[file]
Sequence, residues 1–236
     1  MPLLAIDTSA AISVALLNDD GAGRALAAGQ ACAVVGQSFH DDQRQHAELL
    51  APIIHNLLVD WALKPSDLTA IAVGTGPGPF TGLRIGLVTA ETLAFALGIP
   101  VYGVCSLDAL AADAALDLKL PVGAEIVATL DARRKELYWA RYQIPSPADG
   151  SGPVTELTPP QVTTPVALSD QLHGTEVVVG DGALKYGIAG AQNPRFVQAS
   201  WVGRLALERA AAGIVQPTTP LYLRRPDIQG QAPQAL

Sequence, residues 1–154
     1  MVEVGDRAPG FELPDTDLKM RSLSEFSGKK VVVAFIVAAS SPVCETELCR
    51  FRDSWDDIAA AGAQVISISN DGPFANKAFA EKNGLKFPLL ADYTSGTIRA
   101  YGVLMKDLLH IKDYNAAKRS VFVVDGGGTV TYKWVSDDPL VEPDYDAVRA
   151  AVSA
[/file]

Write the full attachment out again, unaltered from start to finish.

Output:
Sequence, residues 1–236
     1  MPLLAIDTSA AISVALLNDD GAGRALAAGQ ACAVVGQSFH DDQRQHAELL
    51  APIIHNLLVD WALKPSDLTA IAVGTGPGPF TGLRIGLVTA ETLAFALGIP
   101  VYGVCSLDAL AADAALDLKL PVGAEIVATL DARRKELYWA RYQIPSPADG
   151  SGPVTELTPP QVTTPVALSD QLHGTEVVVG DGALKYGIAG AQNPRFVQAS
   201  WVGRLALERA AAGIVQPTTP LYLRRPDIQG QAPQAL

Sequence, residues 1–154
     1  MVEVGDRAPG FELPDTDLKM RSLSEFSGKK VVVAFIVAAS SPVCETELCR
    51  FRDSWDDIAA AGAQVISISN DGPFANKAFA EKNGLKFPLL ADYTSGTIRA
   101  YGVLMKDLLH IKDYNAAKRS VFVVDGGGTV TYKWVSDDPL VEPDYDAVRA
   151  AVSA